That is such good news. What(low cost) hardware would this development be
used on to support the developers with testing/debugging and maybe even
* MOTU LP32 (Preferred)
* MiniDSP https://www.minidsp.com/products/network-audio/avb-dg (I think
MOTU's switch uses midDSP switch hardware)
I hope someday it will be possible to connect 4 or more 8 channel ADAT
modules (32 channels) to a PC under Ubuntu via AVB with low latency. The
only option to get this done under Windows is a Focursrite DANTE based
Rednet 3 right now because Thunderbolt is not really available there as
well. Plan to get Rednet3, but that does not solve the Linux environment
which I prefer. Would love to be able to use the Rednet 3 under Linux but
since DANTE is proprietary , so unlikely.
My two wishes:
[a] Multi (16+) channel low latency audio I/O using ADAT audio AD/DA
[b[ Bitwig supporting LV2 plugins.
With those two, the Linux Audio environment would be perfect and the world
a better place.
*(Apology for the re-sends and ignore the previous edits. Web based Gmail
is such a annoyance and un-logically structured)*
On Mon, October 23, 2017 11:53 am, Philippe Bekaert wrote:
> wireshark reveals that dante is using ptp v1 - it's not that
Correct, I have not looked up the Audinate patent(s) yet, I do not know
what was unique enough to award a patent. In any case ALC Networx did not
seem to think that the Ravenna approach of using PTPv2 (IEEE 1588-2008)
for synchronization and RTP/RTCP (IEEE 1733-2011 and IETF RFC3550 and
RFC3650) for media streams would be covered by any patents.
> Especially rtp is not difficult : it's just one packet format, and we
> need none of the special features, essentially just the time stamp
> in the header and the audio data.
Yes, time stamp calculations and latency adjustments seemed like the only
part that would possibly be a little tricky. The rest seems like just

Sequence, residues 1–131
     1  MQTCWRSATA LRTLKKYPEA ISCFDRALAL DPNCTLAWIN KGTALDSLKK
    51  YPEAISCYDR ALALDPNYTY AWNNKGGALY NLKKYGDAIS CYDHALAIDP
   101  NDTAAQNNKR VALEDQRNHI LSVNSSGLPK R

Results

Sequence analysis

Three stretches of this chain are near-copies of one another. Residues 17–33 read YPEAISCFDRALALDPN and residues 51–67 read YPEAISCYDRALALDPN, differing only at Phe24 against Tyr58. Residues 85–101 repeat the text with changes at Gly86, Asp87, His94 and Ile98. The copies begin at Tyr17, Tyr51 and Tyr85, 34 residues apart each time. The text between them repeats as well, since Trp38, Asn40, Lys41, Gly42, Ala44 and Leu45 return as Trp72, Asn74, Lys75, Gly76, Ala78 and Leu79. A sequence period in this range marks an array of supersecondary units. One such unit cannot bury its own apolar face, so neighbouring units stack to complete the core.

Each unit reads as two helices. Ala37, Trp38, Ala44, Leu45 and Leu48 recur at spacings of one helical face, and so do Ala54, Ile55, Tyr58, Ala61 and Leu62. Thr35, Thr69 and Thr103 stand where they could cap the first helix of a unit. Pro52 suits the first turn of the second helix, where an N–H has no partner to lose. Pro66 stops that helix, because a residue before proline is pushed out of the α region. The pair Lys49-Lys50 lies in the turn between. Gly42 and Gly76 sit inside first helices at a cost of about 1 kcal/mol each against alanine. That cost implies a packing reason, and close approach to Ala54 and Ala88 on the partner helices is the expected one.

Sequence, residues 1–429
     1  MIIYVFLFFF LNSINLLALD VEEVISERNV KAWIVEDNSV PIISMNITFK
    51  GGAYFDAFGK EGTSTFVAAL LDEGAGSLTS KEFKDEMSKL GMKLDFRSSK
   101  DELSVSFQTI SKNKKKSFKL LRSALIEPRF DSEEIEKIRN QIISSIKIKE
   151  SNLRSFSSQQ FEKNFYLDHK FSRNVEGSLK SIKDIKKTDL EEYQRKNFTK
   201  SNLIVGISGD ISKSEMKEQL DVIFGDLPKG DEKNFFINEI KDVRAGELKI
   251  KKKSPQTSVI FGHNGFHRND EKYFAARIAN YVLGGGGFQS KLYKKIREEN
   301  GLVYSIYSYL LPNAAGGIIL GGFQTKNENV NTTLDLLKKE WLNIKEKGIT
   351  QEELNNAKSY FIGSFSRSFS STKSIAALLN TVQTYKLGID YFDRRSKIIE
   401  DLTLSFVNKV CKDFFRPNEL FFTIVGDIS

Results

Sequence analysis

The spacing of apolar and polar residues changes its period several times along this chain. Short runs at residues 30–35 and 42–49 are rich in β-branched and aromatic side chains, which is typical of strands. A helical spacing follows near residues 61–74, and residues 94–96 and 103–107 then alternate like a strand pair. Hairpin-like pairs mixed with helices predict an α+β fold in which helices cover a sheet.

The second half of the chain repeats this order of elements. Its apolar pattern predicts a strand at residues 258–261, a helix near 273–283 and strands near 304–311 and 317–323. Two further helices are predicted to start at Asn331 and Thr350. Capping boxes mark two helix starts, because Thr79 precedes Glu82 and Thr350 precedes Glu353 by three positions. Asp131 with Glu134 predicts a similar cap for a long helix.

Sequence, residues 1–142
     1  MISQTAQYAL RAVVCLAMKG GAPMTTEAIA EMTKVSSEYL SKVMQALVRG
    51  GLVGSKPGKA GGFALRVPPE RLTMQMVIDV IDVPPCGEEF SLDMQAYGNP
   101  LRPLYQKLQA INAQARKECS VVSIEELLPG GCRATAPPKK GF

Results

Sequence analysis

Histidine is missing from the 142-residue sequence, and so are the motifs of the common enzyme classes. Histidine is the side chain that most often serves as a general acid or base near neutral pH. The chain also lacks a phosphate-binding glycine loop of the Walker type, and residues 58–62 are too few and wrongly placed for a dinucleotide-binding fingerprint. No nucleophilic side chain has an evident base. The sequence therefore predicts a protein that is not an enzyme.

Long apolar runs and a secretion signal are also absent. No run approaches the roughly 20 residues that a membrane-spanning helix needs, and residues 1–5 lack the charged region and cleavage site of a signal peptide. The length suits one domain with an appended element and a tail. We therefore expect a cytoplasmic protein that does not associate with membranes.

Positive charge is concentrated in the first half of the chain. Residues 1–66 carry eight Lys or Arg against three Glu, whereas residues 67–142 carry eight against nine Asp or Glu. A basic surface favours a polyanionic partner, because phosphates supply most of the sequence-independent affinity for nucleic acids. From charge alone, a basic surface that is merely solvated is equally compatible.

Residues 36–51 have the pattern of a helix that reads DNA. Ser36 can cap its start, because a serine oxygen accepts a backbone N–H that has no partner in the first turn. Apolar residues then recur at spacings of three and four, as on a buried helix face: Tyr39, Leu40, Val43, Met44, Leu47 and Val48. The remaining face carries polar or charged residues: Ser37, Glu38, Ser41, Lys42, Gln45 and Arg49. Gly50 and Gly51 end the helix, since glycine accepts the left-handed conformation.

manipulating sample values to get into the correct order in the packet.
Jack uses floating point for sample format and RTP uses integers, so the
usual conversion between integer and floating point that you would do for
sending samples to a hardware sound card applies.
> I'm sticking with linux in the first place, but using platform
> independent tools whereever available.
> Hence also my consideration of the asio C++11 library for networking
OK, the first time I misread that as an ASIO library, i.e. the Steinberg
designed Windows specific multi-channel audio specification, not asio C++
library for asynchronous I/O.
I checked my fedora installation and that is easily available as the
asio-devel package. I think libasio-dev is the equivalent in debian.
Seems that should not be a problem for any recent distribution.
Actually, now that I look at the details that seems to be just headers,
I'm not sure where the actual libraries are implemented. Something to
> I'm considering to have a user set up system time synchronisation
> with the audio network clock master and use system time as
> reference indeed, as you also proposed.
One thing I do not know is what the clock will be set to using one of the
standalone audio devices as the PTP master. I'm not sure if those devices
have a battery backed clock, so potentially if you set your system clock
to the PTP clock in a network which only contains a Ravenna device for
example, your system clock could jump to some unexpected value,
potentially far in the past. Just something to consider for documentation
purposes for the moment, hopefully I will find a way to get access to some
hardware for testing.
> It won't work if you have different audio devices synchronised with
> different master clocks
That is always the case, whether using network audio, USB, or AES/EBU or
S/PDIF connections, so again I think just a note for the documentation.
Typically any devices which are on the same network segment or VLAN will
end up using the same master clock because of the PTP best master clock
algorithm so in practical installations should not be a problem. I think
you would have to specifically change the default clock domain from clock
0 to some other value to have that problem.
A second level of consideration is that two devices which are using the
same master clock could still be configured to use different sample rates,